Why The Term 'Black'?

Judge Boshof: But why do you refer to you people as blacks? Why not brown people? I mean you people are more brown than black.




Biko: In the same way as I think white people are more pink and yellow and pale than white.

Judge Boshoff: Quiet…but now why do you not use the word brown then?

Biko: No, I think really, historically, we have been defined as black people, and when we reject the term non-white and take upon ourselves the right to call ourselves what we think we are, we have got available in front of us a whole number of alternatives, starting from natives to Africans to Kaffirs to Bantu to Non-whites and so on, and we choose this one precisely because we feel it is most accommodating.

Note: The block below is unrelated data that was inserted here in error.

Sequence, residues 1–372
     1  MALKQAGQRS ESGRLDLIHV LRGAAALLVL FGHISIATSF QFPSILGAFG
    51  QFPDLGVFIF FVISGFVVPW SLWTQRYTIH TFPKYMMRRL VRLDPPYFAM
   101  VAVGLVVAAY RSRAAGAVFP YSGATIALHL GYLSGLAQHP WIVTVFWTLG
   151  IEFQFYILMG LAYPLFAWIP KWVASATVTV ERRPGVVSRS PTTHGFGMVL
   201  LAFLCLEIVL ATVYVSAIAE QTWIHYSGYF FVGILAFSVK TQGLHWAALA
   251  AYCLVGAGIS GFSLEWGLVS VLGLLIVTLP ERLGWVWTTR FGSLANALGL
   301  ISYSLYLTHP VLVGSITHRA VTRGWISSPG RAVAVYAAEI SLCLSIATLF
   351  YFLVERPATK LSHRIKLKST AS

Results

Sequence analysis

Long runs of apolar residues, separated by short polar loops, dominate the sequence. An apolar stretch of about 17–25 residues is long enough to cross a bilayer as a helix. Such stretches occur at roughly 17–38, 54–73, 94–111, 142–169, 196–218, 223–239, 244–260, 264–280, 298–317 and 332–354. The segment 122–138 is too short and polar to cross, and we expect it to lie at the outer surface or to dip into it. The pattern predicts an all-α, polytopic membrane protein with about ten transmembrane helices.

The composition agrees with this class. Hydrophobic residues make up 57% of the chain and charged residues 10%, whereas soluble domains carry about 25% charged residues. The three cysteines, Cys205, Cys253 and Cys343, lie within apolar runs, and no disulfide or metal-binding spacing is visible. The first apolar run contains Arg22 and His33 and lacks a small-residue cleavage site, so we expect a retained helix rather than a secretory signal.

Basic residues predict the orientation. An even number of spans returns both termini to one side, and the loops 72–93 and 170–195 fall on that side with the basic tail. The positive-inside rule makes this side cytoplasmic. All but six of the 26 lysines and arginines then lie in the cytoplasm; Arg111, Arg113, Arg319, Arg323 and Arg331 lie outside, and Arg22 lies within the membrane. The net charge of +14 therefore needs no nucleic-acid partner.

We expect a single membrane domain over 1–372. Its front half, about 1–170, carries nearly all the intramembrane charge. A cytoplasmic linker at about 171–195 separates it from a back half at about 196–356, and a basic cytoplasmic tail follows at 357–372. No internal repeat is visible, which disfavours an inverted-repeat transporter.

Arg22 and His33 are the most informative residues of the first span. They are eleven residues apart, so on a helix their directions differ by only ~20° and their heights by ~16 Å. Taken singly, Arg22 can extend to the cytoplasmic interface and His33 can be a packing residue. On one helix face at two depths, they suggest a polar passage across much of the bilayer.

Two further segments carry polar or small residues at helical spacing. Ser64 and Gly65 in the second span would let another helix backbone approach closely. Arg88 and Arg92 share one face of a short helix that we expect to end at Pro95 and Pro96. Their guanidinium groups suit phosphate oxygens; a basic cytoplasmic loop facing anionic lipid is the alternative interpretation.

Judge Boshoff: Yes but then you put your foot into it, you use black which really connotates dark forces over the centuries?

Biko: This is correct, precisely because it has been used in that context our aim is to choose it for reference to us and elevate it to a position where we can look upon ourselves positively; because no matter whether we choose to be called brown, you are still going to get reference to blacks in an inferior sense in literature and in speeches by white racists or white persons in our society.


Extract from Steve Biko’s evidence in the BPC-SASO trial given in the first week of May 1976. Retreived from:
S. Biko. 2004. I Write What I Like. Johannesburg: Picador Africa

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